GP practices have been advised to order a PCR test for patients who have returned from a number of African countries in the past 10 days, and isolate them in a side room ‘if possible’.
It follows the discovery of new Covid-19 variant B.1.1.529 in South Africa, which has been named Omicron. So far, nine cases of the variant have been confirmed in the UK, including six in Scotland.
In response, Prime Minister Boris Johnson announced on Saturday that JCVI has been tasked with drawing up recommendations for ‘giving boosters to as wide a group as possible, as well as reducing the gap between your second dose and your booster’.
Meanwhile, the UKHSA and NHS England sent a joint letter yesterday (Sunday 28 November) to GP practices, among others, with advice for ‘immediate action’.
The letter asks GPs to inform their local health protection team if Covid-19 is suspected in a patient whose symptoms began after they returned from the following countries in the past 10 days:
- South Africa
Side rooms should be prioritised for isolation of patients with ‘any respiratory symptoms’ or suspected Covid-19.
GPs should continue to wear appropriate PPE and follow the latest guidance for infection prevention and control.
The letter also said healthcare workers returning to England from countries not on the travel red list should not return to work until they have had an initial negative PCR test, and they should continue to do daily LFDs until day 10 after return.
New public advice is that residents of the UK and Ireland returning from the countries listed above must stay in managed quarantine services.
And anyone who has returned in the past 10 days should get a PCR, regardless of any LFD test and its result.
UKHSA is ‘actively following up’ with these residents, and is prioritising sequencing for people with S gene target failure.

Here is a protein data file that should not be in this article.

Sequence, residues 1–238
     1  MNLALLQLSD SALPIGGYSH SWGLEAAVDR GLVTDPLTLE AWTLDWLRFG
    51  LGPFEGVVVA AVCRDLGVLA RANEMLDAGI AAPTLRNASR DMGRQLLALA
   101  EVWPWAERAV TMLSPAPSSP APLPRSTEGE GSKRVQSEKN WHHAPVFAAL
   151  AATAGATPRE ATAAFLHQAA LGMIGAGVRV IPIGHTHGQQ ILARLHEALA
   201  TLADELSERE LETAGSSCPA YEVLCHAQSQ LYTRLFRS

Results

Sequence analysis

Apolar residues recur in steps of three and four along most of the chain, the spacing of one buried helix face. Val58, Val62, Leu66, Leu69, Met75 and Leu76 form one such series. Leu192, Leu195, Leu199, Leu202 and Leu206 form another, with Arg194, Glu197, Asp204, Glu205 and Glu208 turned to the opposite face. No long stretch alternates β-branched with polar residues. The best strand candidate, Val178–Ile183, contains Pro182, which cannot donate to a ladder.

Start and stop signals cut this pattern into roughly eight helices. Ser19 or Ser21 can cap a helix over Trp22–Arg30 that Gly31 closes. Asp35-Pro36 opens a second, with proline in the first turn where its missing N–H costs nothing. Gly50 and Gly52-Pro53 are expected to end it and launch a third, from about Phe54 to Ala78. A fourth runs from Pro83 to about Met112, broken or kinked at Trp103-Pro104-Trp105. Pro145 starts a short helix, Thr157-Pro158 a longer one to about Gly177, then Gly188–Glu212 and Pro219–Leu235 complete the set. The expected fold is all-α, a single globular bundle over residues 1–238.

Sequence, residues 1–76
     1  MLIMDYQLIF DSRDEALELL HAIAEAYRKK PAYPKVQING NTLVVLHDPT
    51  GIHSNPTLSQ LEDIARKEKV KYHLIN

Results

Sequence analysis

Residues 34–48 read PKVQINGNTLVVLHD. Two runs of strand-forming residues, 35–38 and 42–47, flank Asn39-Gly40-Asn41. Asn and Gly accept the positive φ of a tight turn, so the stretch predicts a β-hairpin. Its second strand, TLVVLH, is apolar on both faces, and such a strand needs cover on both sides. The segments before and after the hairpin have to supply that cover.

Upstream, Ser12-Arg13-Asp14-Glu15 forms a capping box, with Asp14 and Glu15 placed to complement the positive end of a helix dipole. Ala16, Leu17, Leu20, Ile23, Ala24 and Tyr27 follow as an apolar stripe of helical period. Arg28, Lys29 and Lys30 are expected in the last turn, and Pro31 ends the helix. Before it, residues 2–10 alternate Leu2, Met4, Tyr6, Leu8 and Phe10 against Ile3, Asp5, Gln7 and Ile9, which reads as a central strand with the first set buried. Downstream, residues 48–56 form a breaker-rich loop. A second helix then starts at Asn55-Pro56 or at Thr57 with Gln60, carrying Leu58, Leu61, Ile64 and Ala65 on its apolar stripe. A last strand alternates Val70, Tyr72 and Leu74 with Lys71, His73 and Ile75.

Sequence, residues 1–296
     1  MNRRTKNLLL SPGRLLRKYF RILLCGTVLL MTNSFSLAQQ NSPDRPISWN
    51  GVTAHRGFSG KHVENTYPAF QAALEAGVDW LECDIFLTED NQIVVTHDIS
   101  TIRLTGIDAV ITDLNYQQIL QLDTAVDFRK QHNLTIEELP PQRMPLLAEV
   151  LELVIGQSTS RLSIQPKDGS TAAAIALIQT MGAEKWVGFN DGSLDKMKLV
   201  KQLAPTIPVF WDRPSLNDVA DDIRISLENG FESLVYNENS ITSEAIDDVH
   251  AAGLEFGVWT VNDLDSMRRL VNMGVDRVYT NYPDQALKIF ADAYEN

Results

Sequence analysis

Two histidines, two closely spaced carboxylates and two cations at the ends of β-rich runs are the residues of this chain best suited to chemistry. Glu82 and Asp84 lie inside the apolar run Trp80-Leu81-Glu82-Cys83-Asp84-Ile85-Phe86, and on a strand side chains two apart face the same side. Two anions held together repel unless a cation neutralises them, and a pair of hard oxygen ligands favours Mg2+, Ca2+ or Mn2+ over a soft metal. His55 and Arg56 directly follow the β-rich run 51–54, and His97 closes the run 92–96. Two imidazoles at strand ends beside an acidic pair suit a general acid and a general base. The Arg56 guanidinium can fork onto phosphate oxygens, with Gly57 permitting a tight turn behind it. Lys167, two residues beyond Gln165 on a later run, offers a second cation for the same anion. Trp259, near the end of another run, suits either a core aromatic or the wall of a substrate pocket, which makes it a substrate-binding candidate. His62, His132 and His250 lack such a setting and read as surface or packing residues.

The letter said it is ‘plausible’ that Omicron could have ‘altered transmissibility, reduction in vaccine effectiveness and/or reduction in protection from natural immunity’, but added that there is currently a ‘high level of uncertainty’ and ‘no laboratory data’.
Meanwhile, an UKHSA study showed boosters significantly improve protection against symptomatic Covid-19 in adults aged 50 and over.
Omicron guidance for healthcare professionals:
- On Thursday 25th November, South Africa, Botswana, Lesotho, Eswatini, Zimbabwe and Namibia were added to the UK’s travel red list. From 4am on Sunday 28th November, Malawi, Mozambique, Zambia and Angola were also added to the travel red list
- If these countries are identified when taking the travel history of your patients take particular note. If they have returned in the past 10 days, then order a PCR test and isolate them in a side room if possible.
- Prioritise the use of side rooms or other appropriate isolation for those with any respiratory symptoms or in whom COVID-19 is suspected. Continue to use appropriate PPE.
- In addition, contact your local health protection team if COVID-19 is suspected in a patient whose symptoms started following return from these countries within the past 10 days.
- Anyone who has returned from those areas in the past 10 days should take a PCR – regardless of whether they have booked or used a lateral flow device, and regardless of its result. UKHSA is actively following up with these individuals.
- Healthcare workers who return from any travel overseas to countries not on the travel red list should not return to work until they have had an initial negative PCR. They should also do daily LFDs until day 10 after return.
Source: Advice distributed by UKSHA on 28 November 2021
This story was initially published on our sister title Pulse.